Tuesday, December 22, 2015

Daily Corrections Clips


LiLi Tan, NBC Southern California

During a time when racist texts and excessive force are sparking investigations into our prison systems, a semblance of hope is coming from the inside. An innovative program is trying to turn offenders into entrepreneurs.

Last week for the first time, a nonprofit called Defy Ventures invited Silicon Valley executives inside Solano State Prison walls, on which the phrase “To Believe One Can Succeed” is painted. The men pitching business ideas have robbed, kidnapped, even killed, and they are asking for a second chance.


Melinda Meza, KCRA

Some students at Hazleton Elementary School in Stockton got gifts Wednesday from their wish lists thanks to the Department of Corrections. School officials said for the majority of the children, these presents will be the only ones they get this holiday season.

Nicholas Filipas, Record

STOCKTON — Hazelton Elementary School Principal Kathryn Byers smiles as she watched her first-grade and special needs students file into the cafeteria.

They were told they were going to have to sit quietly through a presentation from the California Correctional Peace Officers Association.

But what they didn’t know was what Byers, her staff and every adult in the room knew: there was a much bigger surprise in store.


CALIPATRIA, Calif. – Officials at Calipatria State Prison said two women, a 27-year-old and a 19-year-old from Moreno Valley, Calif., were arrested after allegedly attempting to smuggle marijuana onto institutional grounds.

The Visiting Staff on Facility “C” was alerted to Leticia Lopez and Cynthia Marie Lopez who had not entered the Visiting Room Sunday.


Rory Appleton, The Fresno Bee

A therapist was in extremely critical condition Monday afternoon after she was stabbed repeatedly by a patient at a southwest Fresno substance abuse recovery center, police said.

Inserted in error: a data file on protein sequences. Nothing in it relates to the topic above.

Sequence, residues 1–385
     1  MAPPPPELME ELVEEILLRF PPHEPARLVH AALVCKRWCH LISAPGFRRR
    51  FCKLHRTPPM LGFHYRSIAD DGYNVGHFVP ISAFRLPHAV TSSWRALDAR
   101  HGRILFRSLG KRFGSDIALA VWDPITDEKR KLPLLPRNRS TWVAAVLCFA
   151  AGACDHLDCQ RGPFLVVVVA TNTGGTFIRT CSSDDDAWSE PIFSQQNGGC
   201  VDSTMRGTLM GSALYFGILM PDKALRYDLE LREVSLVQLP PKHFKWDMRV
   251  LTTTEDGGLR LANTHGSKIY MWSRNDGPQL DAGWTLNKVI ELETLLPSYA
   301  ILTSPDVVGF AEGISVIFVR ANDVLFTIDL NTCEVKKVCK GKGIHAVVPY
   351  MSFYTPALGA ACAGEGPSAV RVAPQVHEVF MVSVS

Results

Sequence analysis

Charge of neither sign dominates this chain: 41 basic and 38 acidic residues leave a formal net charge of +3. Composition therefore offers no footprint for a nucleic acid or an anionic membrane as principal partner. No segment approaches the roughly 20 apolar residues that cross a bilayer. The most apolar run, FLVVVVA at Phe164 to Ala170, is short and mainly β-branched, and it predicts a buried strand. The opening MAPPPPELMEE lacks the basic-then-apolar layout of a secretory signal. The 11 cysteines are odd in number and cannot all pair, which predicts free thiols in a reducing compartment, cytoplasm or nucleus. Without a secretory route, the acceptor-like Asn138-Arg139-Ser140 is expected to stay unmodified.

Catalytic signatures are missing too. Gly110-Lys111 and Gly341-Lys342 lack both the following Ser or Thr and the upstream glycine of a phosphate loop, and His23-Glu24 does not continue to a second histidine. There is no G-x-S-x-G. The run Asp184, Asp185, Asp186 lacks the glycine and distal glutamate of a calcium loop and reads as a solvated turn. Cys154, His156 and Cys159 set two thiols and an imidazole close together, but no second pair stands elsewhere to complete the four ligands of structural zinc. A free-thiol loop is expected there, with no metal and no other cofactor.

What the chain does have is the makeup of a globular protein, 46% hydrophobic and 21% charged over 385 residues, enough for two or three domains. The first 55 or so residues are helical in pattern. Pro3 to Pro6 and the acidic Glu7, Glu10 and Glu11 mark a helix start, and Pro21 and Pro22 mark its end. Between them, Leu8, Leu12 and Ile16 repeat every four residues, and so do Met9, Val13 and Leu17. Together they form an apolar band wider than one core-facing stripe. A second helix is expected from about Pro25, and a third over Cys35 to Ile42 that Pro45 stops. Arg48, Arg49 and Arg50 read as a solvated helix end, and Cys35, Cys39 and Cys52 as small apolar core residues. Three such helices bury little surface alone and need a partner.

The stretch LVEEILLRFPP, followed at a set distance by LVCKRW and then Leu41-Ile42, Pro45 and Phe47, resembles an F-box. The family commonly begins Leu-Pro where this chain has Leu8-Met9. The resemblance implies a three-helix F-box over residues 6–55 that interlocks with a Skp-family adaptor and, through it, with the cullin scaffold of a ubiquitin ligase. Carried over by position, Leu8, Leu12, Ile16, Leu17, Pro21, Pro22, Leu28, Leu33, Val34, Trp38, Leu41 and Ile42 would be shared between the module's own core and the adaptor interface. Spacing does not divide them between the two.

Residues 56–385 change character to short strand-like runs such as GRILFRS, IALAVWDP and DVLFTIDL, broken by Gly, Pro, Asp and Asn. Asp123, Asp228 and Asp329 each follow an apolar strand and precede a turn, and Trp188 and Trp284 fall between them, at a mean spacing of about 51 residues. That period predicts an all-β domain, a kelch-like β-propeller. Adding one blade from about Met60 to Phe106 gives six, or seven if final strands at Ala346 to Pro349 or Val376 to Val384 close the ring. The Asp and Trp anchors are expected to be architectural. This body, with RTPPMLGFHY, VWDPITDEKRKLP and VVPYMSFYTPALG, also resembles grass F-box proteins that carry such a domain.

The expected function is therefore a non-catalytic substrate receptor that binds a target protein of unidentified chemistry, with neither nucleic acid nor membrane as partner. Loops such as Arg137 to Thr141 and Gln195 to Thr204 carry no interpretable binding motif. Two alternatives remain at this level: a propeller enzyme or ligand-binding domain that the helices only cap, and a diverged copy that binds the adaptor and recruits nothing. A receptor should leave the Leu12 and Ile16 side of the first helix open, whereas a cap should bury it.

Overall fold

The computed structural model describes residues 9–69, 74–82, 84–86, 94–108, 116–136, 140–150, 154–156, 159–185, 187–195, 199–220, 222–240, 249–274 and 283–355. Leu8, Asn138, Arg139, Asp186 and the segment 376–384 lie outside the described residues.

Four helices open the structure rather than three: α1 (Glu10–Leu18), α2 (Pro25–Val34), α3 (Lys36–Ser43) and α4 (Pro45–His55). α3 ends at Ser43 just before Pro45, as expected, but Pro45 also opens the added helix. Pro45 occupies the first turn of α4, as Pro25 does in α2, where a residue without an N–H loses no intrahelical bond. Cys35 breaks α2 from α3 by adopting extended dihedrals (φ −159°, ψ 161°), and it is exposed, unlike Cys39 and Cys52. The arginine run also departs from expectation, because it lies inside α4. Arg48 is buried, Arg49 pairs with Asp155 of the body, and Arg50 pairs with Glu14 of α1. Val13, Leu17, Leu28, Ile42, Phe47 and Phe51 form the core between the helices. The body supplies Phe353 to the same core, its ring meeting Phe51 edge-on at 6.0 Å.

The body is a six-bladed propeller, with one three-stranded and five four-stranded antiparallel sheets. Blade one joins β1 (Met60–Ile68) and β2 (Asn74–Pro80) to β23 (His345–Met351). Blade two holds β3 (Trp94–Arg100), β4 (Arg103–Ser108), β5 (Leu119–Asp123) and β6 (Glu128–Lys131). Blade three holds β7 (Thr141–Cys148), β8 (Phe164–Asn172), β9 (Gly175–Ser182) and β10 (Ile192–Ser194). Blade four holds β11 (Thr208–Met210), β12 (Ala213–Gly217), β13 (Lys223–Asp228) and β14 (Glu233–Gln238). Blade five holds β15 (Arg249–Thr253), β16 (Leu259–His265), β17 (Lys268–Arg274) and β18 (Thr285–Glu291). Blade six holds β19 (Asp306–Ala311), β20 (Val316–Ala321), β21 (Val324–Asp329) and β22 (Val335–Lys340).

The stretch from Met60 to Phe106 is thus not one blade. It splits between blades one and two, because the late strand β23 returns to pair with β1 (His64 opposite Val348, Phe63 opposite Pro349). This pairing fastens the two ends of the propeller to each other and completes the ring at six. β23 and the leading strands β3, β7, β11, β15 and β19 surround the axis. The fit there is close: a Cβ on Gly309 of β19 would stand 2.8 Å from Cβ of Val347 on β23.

Fresno police Lt. Joe Gomez said the 55-year-old therapist, whose name was not made public, was stabbed in the neck, upper torso and arms around 1 p.m. while working at the Comprehensive Addiction Programs Inc. facility at 2445 W. Whites Bridge Ave. She was rushed into surgery at Community Regional Medical Center. Her wounds are life-threatening, Gomez said.


The Los Angeles Times

It's remarkable — and heartening — that for all the attention paid to the death penalty this year, the country's executioners had less business to tend than they have had since 1991. The final tally was 28 executions, carried out in only six states. Meanwhile, six death row inmates were exonerated this year (for a total of 156 exonerations since 1973), according to the Death Penalty Information Center. That's a ratio of about one “Sorry, our bad” for every five people put to death.

Not only did executions drop in 2015, but the number of people sentenced to death also hit an historic low, the center said. That could be due to a growing skepticism by jurors of a system susceptible to manipulation through coerced testimony or other misconduct (as explored by the Economist recently) — or there could be some other reason for a decline in convictions on capital punishment charges. Or perhaps fewer such cases are being brought in the first place. What is clear is that there's no correcting an execution if later evidence shows the prosecution was wrong. The capital punishment system is expensive too, and that combination — a costly government policy that risks executing innocent people — gives even many conservatives pause, which was partly what drove the Nebraska Legislature to ban the practice in May.

Inspector general sees cultural, union problems as impediments
Steven Greenhut, The San Diego Union Tribune

Sacramento — The state inspector general’s report exposing conditions at the High Desert State Prison in the northern California enclave of Susanville was scathing, as it detailed allegations of abuse and racism by guards at the nearly 3,500-inmate facility. The inmates may be unsympathetic characters, but the allegations should be disturbing to anyone who believes prisons are there to incarcerate, not to abuse and torment prisoners.

The 114-page report, released last week, was prompted by a Senate Rules Committee request to look into allegations that some staff members “are engaged in a practice of using inappropriate and excessive force against inmates and whether there is adequate protection of inmates from harm at the prison.” The report pointed to staff misconduct allegations, some of which were never investigated.